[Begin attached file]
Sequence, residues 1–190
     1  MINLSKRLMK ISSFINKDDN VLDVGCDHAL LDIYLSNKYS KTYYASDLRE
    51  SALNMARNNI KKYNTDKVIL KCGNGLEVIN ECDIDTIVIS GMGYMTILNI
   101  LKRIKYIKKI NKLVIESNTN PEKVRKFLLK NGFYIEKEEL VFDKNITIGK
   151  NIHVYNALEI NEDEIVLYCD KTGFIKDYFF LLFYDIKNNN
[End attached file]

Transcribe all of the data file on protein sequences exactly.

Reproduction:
Sequence, residues 1–190
     1  MINLSKRLMK ISSFINKDDN VLDVGCDHAL LDIYLSNKYS KTYYASDLRE
    51  SALNMARNNI KKYNTDKVIL KCGNGLEVIN ECDIDTIVIS GMGYMTILNI
   101  LKRIKYIKKI NKLVIESNTN PEKVRKFLLK NGFYIEKEEL VFDKNITIGK
   151  NIHVYNALEI NEDEIVLYCD KTGFIKDYFF LLFYDIKNNN